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For a base number a and its power, the following applies:
For a ¹ 0 a0 = 1
Which means that, if we exponentiate any number other than zero by the number of zero, its power equals 1.
For n Î A 0n = 0
Or, if we exponentiate the number zero by any natural exponent, its power equals 0.
Adding and Subtracting Powers
2x² + 3x² = 5x² 5y² – 4y² = y²
When adding or subtracting the same valued powers, the coefficients are added and the exponents remain the same. However, it is necessary to make sure that the base numbers are the same (x and y) because, if not, it would not be possible to add or subtract the following:
2x² + 3a² 8y³ - 4x³
The exponents must also be the same, in which case the following could also not be consolidated or simplified:
4x² + 7x³ 6y² - 2y4
Multiplying Powers
Powers with same base numbers and different exponents:
xn · yn = (x · y)n
If we multiply two powers with the same base number and same exponent, we multiply the base numbers and exponentiate the result by the same exponent, such as:
2³ · 4³ = (2 · 4)³ = 8³ = 512
2. Powers with the same base numbers but different exponents:
xn · xm = xn+m
If we multiply two powers with the same base values but with different exponents, the base numbers remain the same but the exponents are added, which gives it a new exponent, applied to the base number. For example:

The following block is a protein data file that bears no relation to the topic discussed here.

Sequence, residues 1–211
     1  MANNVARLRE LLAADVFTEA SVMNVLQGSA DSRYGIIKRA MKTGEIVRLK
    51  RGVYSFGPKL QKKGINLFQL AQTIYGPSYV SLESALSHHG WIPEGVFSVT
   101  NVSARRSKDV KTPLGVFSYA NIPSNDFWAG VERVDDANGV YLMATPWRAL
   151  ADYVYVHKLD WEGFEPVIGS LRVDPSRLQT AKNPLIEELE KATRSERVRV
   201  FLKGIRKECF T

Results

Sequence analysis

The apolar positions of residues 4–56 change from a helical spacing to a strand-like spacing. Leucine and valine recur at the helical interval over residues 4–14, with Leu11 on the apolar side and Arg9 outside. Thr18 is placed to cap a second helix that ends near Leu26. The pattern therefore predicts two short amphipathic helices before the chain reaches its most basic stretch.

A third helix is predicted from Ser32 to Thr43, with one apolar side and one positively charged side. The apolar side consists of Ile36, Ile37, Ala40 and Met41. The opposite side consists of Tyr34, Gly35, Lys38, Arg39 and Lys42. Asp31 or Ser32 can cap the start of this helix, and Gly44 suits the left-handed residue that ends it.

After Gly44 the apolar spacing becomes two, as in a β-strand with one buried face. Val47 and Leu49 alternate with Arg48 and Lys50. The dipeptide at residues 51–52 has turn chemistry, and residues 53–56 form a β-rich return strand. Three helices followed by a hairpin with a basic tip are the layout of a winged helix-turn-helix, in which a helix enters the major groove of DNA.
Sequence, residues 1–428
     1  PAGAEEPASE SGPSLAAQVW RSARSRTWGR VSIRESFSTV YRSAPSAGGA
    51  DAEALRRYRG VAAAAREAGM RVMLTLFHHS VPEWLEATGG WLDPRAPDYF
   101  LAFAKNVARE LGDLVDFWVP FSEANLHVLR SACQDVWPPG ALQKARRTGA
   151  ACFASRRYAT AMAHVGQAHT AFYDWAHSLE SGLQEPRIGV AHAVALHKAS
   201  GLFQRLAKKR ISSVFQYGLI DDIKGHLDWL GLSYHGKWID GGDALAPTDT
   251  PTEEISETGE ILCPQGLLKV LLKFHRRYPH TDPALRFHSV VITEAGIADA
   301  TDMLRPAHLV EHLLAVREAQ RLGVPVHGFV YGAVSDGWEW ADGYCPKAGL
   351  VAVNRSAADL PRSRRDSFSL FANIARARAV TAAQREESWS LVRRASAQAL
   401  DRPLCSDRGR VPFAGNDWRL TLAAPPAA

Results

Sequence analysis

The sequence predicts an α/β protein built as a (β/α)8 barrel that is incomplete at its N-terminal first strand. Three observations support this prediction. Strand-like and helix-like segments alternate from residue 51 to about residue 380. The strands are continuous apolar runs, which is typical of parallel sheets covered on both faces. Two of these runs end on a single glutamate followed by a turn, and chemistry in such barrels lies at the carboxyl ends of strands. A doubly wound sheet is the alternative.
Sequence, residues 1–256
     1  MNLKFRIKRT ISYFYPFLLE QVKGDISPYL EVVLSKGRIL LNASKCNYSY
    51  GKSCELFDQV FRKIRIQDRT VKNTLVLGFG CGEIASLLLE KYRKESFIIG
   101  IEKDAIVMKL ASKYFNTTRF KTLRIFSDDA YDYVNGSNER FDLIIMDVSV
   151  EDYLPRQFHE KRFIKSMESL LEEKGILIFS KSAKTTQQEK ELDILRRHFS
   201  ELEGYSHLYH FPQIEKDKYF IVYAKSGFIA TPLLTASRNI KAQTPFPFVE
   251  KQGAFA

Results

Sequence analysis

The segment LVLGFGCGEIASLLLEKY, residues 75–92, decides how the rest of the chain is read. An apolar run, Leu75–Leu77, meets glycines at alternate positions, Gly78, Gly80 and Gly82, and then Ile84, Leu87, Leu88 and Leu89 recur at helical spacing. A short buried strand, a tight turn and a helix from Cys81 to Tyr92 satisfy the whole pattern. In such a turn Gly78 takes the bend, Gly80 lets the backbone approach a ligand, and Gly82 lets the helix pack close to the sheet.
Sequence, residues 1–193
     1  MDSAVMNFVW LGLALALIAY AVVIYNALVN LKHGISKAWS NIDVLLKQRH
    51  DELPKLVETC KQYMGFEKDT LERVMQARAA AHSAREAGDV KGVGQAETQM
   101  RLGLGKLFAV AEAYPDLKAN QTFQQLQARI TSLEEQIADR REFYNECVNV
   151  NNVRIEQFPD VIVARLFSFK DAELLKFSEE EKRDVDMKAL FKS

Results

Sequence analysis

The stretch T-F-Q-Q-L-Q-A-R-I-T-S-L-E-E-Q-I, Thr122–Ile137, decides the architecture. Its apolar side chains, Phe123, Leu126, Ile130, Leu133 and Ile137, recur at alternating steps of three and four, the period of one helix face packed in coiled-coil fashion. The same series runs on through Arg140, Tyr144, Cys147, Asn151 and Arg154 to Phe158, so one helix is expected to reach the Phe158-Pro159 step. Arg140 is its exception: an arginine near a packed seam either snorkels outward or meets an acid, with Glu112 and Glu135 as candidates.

5² · 5³ = 52+3 = 55 = 3125
Dividing Powers
Powers with different base numbers but same exponents:
xn : yn = (x : y)n
If we divide two powers with different base numbers but same exponents, the base numbers are multiplied and given the original exponent. For example:
28³ : 4³ = (28 : 4)³ = 7³ = 343
2. Powers with the same base number but different exponents:
xm : xn = xm-n
If we divide two powers with the same base value but different exponents, the base numbers remain the same but the exponents subtract from one another, the difference becoming the new exponent. For example:
58 : 56 = 58-6 = 5² = 25
Exponentiating Fractions
When exponentiating fractions, the nominators and denominators are exponentiated with the same exponent and the result is divided. For example:
Powers with Negative Exponents
For x > 0, it applies that:
Exponentiating Powers
(xm)n = xm·n
When we exponentiate a power, the base number remains the same and the individual exponents are multiplied, their total becoming the new exponent. For example:
(7³)4 = 73·4 = 712 = 13 841 287 201
Extraction of Root
With positive numbers, extraction of root is the opposite of exponentiation.
Equations with extraction of roots have the following form:
where
x is the radical quantitor or the base of the root
n is the exponent of the root
y the result of the extraction of root
is the mathematical symbol for root
The square or second root has an exponent of 2, which may be assumed and need not be stated above the root symbol, as such:
- read as the square root of 25. If the exponent of the root is not equal to 2, it must be stated.
read as the fourth root of 256.
The laws for adding with roots is similar to the laws of adding with powers. The root can also be written as a power with an exponent converted into a fraction, where the exponent of the original root becomes the denominator of the fraction.
Example:
When extracting roots, the following rules should be adhered to:
1.
Example:
2.
Example:
3.
Example:
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